By 1957 my sisters were ten and fourteen and I was twelve.
For three years our parents had been packing two horses with camping supplies to support a family of five for a week in the backcountry of the Sawtooth Mountains of Idaho.
It seems our parents had had enough. This time they pitched a tent at a dude ranch in Stanley Basin. The next day we left the tent all set up while riding five saddle horses, one for each of us, and accompanied by a ranch hand to take care of them. We were back in our tent that night without having to unpack or repack a darn thing!
Mom and Dad’s notes say we went from Hell Roaring Lake to Imogene Lake. About all I remember was the horse ride on the way back to the ranch.
I had gotten used to being on a horse from our previous trips, when one saddle horse had joined the two pack horses. Its job was to carry tired kids. I had made my peace with knowing these animals are much bigger, much stronger, and much smarter than I am. But always before the horse had moved at the pace of Mom and Dad walking the trail, leading the way.
This time the horse under me was fine with going away from the ranch at the pace set by the buckaroo. It also joined the string of walking horses when we started back. But as we got closer to the ranch the string of horses started stretching out.
Just a bit at first. They knew not to just bust out and get home. But soon the plodding along was getting darned close to an eager walk.
Soon my sisters and I were being carried along at a comfortable clip, it being obvious there would be no more stopping for sightseeing.
Then it became obvious the critters were beginning to dare one another to be the first to up the ante, snorting and bunching up until simultaneously the three horses broke into trots.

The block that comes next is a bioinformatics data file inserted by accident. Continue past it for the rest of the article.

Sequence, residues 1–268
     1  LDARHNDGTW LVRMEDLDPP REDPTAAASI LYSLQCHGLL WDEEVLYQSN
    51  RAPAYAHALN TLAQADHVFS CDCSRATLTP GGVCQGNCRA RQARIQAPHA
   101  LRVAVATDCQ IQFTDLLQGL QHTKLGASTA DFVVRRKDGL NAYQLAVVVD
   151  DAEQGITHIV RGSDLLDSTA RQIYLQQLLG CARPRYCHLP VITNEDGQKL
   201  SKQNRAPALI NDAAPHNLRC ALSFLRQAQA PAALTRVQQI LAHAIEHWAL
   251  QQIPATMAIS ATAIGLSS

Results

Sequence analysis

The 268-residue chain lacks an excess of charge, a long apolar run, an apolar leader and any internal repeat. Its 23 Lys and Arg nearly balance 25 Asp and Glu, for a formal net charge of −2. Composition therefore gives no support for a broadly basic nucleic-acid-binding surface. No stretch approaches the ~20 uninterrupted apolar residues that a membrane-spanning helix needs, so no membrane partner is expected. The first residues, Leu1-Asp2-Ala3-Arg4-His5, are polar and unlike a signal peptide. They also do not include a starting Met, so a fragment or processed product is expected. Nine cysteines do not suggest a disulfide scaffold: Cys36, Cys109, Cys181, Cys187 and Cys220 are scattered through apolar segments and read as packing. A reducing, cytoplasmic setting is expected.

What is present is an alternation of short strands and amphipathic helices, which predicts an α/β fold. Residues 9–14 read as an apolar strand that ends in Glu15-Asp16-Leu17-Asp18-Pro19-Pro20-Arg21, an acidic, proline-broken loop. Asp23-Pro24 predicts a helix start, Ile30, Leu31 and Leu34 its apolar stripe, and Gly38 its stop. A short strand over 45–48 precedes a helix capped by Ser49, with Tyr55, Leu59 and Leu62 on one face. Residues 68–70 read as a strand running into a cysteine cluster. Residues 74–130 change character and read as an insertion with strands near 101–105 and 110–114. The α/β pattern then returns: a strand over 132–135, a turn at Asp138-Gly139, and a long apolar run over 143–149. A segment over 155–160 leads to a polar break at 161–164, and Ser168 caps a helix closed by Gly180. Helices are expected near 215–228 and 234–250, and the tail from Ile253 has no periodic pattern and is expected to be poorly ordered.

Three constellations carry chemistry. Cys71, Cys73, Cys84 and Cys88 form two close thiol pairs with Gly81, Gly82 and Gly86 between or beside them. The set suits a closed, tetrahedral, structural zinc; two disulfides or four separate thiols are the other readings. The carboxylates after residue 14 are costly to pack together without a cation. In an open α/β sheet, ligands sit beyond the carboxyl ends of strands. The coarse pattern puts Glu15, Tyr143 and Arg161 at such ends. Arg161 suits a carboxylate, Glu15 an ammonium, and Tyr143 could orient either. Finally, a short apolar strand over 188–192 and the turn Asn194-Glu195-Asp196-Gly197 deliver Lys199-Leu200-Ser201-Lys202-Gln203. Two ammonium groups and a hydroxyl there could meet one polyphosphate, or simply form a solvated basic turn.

I had never been on a trotting horse before and instantly I was atop a frighteningly uncomfortable ride! My butt was being pounded up and down on a hard saddle once a second or so. With each bounce I worked to come back square in the saddle and not be thrown off to the side. Every time I landed back in the saddle it was a different angle and I discovered again and again just how little padding there was on my butt bones. As a twelve year old guy I was having serious visions of the consequences of landing too far forward and catching the saddle horn instead of the saddle. All this while being way too far off the ground and the ground being full of rocks and the horse not giving one twit about my frantic, serious yanks on the reigns and my demanding whoas being delivered in a voice just short of screaming.
Actually, I think she was enjoying getting me riled up.
Then the most amazing thing happened. Our three horses let loose into full gallops.
The jarring butt beatings from the saddle stopped. In their place were smooth rocking shifts from the front to the back of the saddle and then back the other way. There was no danger of being bounced off!
The ground was flying by but it was sure-footed and secure. I let the reigns hang loose and enjoyed that horse knowing what it was doing! And I could tell she was enjoying stretching out and being a horse.
That was the first and last time I rode a galloping horse. I remember it fondly.
If I ever do get back on a horse I’m going to let it know walking and galloping are fine with me. But NO TROTTING AND I MEAN IT!
It won’t care.
Writing this up, I was told you stand in the stirrups when a horse trots. Sure makes sense to me and my gonads!